It seems somehow appropriate on this dreary and rainy Tuesday to discuss something about which all writers worry. No, not the Dreaded Synopsis.
It’s especially appropriate since I just turned in a manuscript which required revisions and since at my Saturday workshop someone asked, “What do you do when someone asks you to change your work?”
The answer was simple: You do the revisions.
It’s one of those things that I often warn aspiring authors about – being a diva. I’ve heard more than one writer say that they won’t make any changes to their work and I often wonder whether they’ll ever get published or if they do, will they be able to sustain a career.
Although some believe that editors are like carpenters with a hammer and nail, give them paper and a pen and they want to make changes, the reality of it is that editors know the market and what’s selling. They understand voice and pacing and conflict. They oftentimes will see past what’s on the page to what the writer wants to accomplish because many times the writer has become so involved in their work and knows it so intimately that they fail to get what’s up in their heads down on paper.
It’s the editor’s job to make sure that gets done and a good editor will accomplish just that.
What if what the editor wants you to do is totally different than what you want to do?
That’s a tough situation for sure and the answer is not so simple. The first thing to do is divest your ego from the work. Look at it as an outsider would. Are the editor’s comments justified? Do you think that they might possibly make the work better or more marketable? If the answer is “yes”, then take a moment and try rewriting the first ten or so pages with the editor’s suggestions.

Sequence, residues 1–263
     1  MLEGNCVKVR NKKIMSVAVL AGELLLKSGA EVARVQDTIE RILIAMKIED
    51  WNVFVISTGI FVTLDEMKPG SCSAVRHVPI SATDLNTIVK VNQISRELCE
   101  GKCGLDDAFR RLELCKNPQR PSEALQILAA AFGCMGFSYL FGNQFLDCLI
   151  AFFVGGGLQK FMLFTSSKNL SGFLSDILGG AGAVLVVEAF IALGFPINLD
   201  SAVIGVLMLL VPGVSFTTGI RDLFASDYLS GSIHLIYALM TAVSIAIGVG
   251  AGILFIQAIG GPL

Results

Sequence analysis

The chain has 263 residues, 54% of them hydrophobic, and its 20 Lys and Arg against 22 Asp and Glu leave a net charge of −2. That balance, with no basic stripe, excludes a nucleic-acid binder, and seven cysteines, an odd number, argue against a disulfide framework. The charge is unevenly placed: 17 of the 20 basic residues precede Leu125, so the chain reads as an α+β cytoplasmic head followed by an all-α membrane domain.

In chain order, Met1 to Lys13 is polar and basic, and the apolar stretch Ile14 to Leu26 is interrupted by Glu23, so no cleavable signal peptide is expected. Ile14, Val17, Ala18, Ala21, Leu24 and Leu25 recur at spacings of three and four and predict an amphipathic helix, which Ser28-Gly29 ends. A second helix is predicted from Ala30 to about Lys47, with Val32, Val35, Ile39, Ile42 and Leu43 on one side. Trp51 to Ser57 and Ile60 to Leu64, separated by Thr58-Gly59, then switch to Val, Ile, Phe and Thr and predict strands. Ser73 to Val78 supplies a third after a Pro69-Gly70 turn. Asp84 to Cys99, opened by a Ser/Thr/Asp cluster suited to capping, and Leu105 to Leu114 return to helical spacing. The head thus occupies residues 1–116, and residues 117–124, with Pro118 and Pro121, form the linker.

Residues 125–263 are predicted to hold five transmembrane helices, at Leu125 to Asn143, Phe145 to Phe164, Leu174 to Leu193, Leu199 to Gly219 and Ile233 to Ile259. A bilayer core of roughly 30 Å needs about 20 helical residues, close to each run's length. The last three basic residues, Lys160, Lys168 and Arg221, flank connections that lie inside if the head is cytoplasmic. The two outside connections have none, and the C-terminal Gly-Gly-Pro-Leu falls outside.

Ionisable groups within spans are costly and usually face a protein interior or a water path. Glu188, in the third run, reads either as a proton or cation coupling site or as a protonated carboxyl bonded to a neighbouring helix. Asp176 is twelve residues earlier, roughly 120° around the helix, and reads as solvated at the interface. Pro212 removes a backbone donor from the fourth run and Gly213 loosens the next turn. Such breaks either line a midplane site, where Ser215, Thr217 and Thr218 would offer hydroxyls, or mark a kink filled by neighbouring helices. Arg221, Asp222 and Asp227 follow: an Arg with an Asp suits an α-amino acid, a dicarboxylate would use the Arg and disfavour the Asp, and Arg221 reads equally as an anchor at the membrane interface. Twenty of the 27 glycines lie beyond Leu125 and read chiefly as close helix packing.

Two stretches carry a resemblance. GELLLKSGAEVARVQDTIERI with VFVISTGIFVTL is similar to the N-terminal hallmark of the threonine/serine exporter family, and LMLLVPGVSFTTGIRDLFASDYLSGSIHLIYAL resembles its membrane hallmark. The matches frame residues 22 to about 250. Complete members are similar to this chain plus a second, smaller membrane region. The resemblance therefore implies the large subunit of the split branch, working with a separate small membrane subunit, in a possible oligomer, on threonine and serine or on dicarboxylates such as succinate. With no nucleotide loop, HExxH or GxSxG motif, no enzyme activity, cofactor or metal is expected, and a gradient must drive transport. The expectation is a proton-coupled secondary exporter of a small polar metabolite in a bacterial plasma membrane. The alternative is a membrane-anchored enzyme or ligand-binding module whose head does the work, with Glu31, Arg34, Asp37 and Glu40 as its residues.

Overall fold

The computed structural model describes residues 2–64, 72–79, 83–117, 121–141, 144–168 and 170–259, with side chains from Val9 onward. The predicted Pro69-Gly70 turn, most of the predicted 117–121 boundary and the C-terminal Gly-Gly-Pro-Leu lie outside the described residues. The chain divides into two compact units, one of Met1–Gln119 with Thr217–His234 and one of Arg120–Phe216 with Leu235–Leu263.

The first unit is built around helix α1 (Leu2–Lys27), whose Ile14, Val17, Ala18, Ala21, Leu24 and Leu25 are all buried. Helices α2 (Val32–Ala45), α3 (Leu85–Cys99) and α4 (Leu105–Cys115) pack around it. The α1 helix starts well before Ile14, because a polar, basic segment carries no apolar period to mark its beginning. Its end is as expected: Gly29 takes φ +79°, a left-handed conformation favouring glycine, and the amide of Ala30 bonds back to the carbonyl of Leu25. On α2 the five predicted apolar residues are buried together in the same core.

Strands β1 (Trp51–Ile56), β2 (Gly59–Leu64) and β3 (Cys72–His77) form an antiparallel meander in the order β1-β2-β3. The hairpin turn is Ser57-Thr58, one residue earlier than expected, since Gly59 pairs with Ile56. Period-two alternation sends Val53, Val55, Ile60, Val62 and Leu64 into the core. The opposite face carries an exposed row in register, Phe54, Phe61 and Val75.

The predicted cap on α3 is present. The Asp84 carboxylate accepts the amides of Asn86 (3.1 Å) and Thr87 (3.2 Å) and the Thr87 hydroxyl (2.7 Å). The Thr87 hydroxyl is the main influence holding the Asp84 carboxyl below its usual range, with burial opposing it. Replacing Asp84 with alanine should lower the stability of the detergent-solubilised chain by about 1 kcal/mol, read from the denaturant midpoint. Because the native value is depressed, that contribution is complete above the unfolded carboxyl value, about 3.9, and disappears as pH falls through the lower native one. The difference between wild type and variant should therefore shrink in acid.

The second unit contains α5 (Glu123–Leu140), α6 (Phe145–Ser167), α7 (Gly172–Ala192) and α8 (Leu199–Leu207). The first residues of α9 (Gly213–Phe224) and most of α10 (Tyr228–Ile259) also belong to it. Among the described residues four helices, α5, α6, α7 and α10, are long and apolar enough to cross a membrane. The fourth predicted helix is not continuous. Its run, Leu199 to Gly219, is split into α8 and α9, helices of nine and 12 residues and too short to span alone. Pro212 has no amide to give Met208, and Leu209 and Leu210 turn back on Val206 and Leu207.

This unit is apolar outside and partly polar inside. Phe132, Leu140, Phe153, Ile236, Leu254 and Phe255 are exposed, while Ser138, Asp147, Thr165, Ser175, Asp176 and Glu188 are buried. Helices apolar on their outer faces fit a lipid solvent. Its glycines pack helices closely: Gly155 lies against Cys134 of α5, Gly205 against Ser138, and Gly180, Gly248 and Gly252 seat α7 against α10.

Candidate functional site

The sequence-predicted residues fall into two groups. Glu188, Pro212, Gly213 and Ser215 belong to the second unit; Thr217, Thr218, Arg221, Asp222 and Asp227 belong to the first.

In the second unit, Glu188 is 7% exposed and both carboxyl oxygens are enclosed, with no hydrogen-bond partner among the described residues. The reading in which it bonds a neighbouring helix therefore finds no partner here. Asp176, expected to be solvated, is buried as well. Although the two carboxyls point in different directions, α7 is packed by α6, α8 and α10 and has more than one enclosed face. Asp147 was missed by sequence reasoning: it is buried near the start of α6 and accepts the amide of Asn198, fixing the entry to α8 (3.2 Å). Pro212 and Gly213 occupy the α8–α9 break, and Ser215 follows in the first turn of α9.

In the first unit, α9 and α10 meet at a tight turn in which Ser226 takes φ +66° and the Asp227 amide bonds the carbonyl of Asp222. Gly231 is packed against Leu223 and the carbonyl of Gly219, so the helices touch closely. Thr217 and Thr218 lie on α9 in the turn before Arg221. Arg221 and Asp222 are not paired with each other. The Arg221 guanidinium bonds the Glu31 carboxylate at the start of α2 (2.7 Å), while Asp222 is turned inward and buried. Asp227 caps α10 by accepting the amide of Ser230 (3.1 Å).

Now step back and look at it again. Is it better? More marketable? Then dig in and start rewriting.
You may have noticed that I’ve used that “marketable” word multiple times already because the reality is that if you’re writing commercial fiction (as in selling to the mass market), what you’re writing needs to sell. That means it needs to meet certain reader and bookseller expectations.
Your editor is the one who can best tell you whether or not you’ve managed to do that.
If you’re still not convinced about all the changes, then try a conciliatory approach rather than a confrontational one. For example, when I first wrote DARKNESS CALLS one of the revision requests was that I have the heroine, Diana Reyes, become a vampire at the end of the novel. In my heart I felt that the story was much too complicated and rich for that kind of ending. I also felt that there would be greater emotion and impact for the readers if the characters had that conflict hanging over their heads – Love me even though I will die before you do. It spoke of a much greater love and commitment if Ryder and Diana chose to get together despite that fact.
I discussed it with my editors and we agreed I would write the ending as I envisioned it and that if it did not work, I would revise it. Bottom line was, the ending worked and we left it as is. Everyone was happy with the compromise we reached initially and the end result.
So the bottom line is, be open to change. Be willing to compromise. Your editors know what’s best and what’s selling. Trust them to help you craft a better book.